Considering only the addition and subtraction operations of the dyadic rationals gives them the structure of an additive abelian group. Pontryagin duality is a method for understanding abelian groups by constructing dual groups, whose elements are characters of the original group, group homomorphisms to the multiplicative group of the complex numbers, with pointwise multiplication as the dual group operation. The dual group of the additive dyadic rationals, constructed in this way, can also be viewed as a topological group. It is called the dyadic solenoid, and is isomorphic to the topological product of the real numbers and 2-adic numbers, quotiented by the diagonal embedding of the dyadic rationals into this product. [30] It is an example of a protorus, a solenoid, and an indecomposable continuum. [33]

### Functions with dyadic rationals as distinguished points

Minkowski's question-mark function maps rational numbers to dyadic rationals
A Daubechies wavelet, showing points of non-smoothness at dyadic rationals

Because they are a dense subset of the real numbers, the dyadic rationals, with their numeric ordering, form a dense order. As with any two unbounded countable dense linear orders, by Cantor's isomorphism theorem, [34] the dyadic rationals are order-isomorphic to the rational numbers. In this case, Minkowski's question-mark function provides an order-preserving bijection between the set of all rational numbers and the set of dyadic rationals. [35]

The dyadic rationals play a key role in the analysis of Daubechies wavelets, as the set of points where the scaling function of these wavelets is non-smooth. [26] Similarly, the dyadic rationals parameterize the discontinuities in the boundary between stable and unstable points in the parameter space of the Hénon map. [36]

The set of piecewise linear homeomorphisms from the unit interval to itself that have power-of-2 slopes and dyadic-rational breakpoints forms a group under the operation of function composition. This is Thompson's group, the first known example of an infinite but finitely presented simple group. [37] The same group can also be represented by an action on rooted binary trees, [38] or by an action on the dyadic rationals within the unit interval. [32]

### Other related constructions

In reverse mathematics, one way of constructing the real numbers is to represent them as functions from unary numbers to dyadic rationals, where the value of one of these functions for the argument ${\displaystyle i}$ is a dyadic rational with denominator ${\displaystyle 2^{i}}$ that approximates the given real number. Defining real numbers in this way allows many of the basic results of mathematical analysis to be proven within a restricted theory of second-order arithmetic called "feasible analysis" (BTFA). [39]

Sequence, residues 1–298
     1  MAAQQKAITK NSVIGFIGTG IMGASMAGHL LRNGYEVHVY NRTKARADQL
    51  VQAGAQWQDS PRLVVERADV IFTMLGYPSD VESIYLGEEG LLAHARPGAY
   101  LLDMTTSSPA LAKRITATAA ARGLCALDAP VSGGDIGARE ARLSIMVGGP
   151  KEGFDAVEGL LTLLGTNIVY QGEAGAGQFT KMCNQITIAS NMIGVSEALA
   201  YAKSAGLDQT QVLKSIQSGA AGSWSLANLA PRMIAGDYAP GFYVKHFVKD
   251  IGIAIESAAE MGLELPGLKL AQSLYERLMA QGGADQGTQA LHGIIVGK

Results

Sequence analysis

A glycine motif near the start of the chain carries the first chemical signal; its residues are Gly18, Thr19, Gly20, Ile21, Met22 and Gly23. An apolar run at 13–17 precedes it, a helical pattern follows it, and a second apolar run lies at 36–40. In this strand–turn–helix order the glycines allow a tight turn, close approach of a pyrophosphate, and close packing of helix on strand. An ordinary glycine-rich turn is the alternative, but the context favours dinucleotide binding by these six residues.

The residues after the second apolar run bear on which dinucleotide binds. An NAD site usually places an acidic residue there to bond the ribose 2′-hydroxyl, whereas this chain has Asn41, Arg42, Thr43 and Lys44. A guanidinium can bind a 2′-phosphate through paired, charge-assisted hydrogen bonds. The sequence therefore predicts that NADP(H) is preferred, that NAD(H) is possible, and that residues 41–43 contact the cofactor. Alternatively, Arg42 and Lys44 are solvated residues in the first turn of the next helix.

The surreal numbers are generated by an iterated construction principle which starts by generating all finite dyadic rationals, and then goes on to create new and strange kinds of infinite, infinitesimal and other numbers. [40] This number system is foundational to combinatorial game theory, and dyadic rationals arise naturally in this theory as the set of values of certain combinatorial games. [41] [42] [19]

The fusible numbers are a subset of the dyadic rationals, the closure of the set ${\displaystyle \{0\}}$ under the operation ${\displaystyle x,y\mapsto (x+y+1)/2}$, restricted to pairs ${\displaystyle x,y}$ with ${\displaystyle |x-y|<1}$. They are well-ordered, with order type equal to the epsilon number ${\displaystyle \varepsilon _{0}}$. For each integer ${\displaystyle n}$ the smallest fusible number that is greater than ${\displaystyle n}$ has the form ${\displaystyle n+1/2^{k}}$. The existence of ${\displaystyle k}$ for each ${\displaystyle n}$ cannot be proven in Peano arithmetic, [43] and ${\displaystyle k}$ grows so rapidly as a function of ${\displaystyle n}$ that for ${\displaystyle n=3}$ it is (in Knuth's up-arrow notation for large numbers) already larger than ${\displaystyle 2\uparrow ^{9}16}$. [44]

The usual proof of Urysohn's lemma utilizes the dyadic fractions for constructing the separating function from the lemma.